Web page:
little difficulty in perceiving for what reason Æschylus chose to embody his political sentiments in a dramatic form. It is from this cause that the action of destiny is less conspicuous in this than in the two preceding tragedies : something however was wanting to declare in what way the até in the family of Pelops, which had been receiving fresh renewals of strength through various crimes, was at length set to rest for ever; and the poet has contrived to effect this in a manner calculated to impress on the minds of all reflecting persons the deep veneration due to divine things, and more especially to those whose worth and excellence had been sanctioned by antiquity. To understand how this is done, it will be necessary first to give a brief outline of the action in this play, from which its connection with the others will be more distinctly


It opens with the solemn address of the aged Pythoness to the primæval gods, before approaching to consult the oracle at the sacred Delphic shrine. When she has concluded her invocation, she enters, but presently returns and relates how she has seen the Furies asleep in the temple, a race of women,

άπτεροί γε μην ιδεϊν αυται, μέλαιναι δ' ες το πάν βδελύκτρoποι, ρέγκουσι δ' ού πλαστοίσι φυσιάμασι. (νν. 51-53.)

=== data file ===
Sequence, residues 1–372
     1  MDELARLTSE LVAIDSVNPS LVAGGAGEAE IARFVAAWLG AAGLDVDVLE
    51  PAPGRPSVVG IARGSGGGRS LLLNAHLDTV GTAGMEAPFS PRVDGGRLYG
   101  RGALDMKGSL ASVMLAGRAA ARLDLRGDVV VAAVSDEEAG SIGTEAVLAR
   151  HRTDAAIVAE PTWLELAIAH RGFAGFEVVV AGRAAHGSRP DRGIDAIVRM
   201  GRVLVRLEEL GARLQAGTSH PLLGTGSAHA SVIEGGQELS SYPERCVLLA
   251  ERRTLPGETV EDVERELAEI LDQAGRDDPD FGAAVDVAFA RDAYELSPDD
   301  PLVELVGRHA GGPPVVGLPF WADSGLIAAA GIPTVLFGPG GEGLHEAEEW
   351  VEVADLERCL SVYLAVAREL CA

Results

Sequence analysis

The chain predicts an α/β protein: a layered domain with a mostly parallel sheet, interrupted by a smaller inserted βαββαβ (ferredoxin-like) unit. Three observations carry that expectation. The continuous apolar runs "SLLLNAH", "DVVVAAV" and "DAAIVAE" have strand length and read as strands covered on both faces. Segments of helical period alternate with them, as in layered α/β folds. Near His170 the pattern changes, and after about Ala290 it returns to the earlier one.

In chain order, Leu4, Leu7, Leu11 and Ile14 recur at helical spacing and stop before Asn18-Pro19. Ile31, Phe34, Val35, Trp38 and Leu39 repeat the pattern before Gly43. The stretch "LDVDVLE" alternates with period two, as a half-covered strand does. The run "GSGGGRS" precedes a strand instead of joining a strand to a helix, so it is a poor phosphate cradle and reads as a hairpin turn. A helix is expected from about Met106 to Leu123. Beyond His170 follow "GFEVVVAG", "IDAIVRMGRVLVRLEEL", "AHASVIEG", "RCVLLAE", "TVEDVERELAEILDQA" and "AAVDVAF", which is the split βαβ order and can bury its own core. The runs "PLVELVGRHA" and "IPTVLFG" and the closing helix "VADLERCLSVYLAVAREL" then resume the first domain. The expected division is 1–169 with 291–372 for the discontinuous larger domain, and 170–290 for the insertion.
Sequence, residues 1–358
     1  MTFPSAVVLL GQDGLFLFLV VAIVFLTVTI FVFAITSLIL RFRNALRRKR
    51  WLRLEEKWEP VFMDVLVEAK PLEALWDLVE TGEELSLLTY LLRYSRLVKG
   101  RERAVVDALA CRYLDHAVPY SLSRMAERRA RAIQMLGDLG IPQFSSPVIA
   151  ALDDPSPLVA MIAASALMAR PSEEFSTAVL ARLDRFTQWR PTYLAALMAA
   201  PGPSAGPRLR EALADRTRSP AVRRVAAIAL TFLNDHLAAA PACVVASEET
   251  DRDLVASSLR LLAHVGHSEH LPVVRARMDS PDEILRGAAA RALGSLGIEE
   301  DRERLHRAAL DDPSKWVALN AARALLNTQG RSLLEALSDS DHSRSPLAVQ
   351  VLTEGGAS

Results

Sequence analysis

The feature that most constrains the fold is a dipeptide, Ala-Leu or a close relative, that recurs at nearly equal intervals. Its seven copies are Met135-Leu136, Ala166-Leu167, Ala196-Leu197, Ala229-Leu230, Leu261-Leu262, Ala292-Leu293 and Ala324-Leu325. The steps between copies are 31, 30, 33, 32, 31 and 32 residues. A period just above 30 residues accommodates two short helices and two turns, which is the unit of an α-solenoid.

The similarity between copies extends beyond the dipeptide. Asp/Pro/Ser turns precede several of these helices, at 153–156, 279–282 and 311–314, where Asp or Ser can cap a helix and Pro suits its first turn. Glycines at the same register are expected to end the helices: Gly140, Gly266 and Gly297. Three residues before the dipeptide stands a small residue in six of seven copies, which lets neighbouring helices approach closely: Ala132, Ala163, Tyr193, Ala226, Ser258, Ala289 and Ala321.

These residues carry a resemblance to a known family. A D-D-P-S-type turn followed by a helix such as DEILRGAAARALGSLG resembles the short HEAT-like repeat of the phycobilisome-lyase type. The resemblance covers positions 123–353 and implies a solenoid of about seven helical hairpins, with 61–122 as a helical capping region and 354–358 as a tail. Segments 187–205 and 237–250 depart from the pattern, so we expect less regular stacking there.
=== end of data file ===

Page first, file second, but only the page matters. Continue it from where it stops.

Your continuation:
Apollo and Orestes then enter; and after a conversation, in which the latter expresses his doubts and fears, Apollo recommends him to flee to the statue of Pallas at Athens, under the guidance of Hermes, who is invisibly present. Then the ghost of the murdered Clytæmnestra rises, and taunts the Furies for their supineness and negligence, in thus allowing their prey to escape εκ μέσων άρκυσμάτων,* and at the same time bewails the wretched effects of her own crime, now terribly visited on herself in the world of shades. She at length disappears, when the Furies wake, and in a choral ode declare their implacable enmity against Apollo and the younger gods, for having thus despolied them ; till they are driven out of the temple by the entrance of the god himself.

ούτοι δόμοισι τοϊσδε χρίμπτεσθαι πρέπει, ,
αλλ' ου καρανιστήρες οφθαλμώρυχοι
δίκαι, σφαγαί τε, σπέρματός τ' αποφθοραι
παίδων, κ. τ.λ.

A conversation follows, the result of which is, that both parties resolve to appeal to the wisdom of Pallas for arbitration, and, by means of a change of scenery, we discover Orestes in the attitude of a suppliant before the image of the virgin goddess in the Parthenon. A choral ode succeeds, in which the Furies hymn forth their power over mortals, and the punishments they are enabled to inflict, in the most superb language. The whole spirit of this hymn is thoroughly Æschylean, and there could hardly be selected a better proof of the grandeur of Eschylus' conceptions, and the power he possessed of clothing them in suitable forms of expression, than this chorus.

Pallas now appears, and after some deliberation

* v. 112. Ed. Wellauer.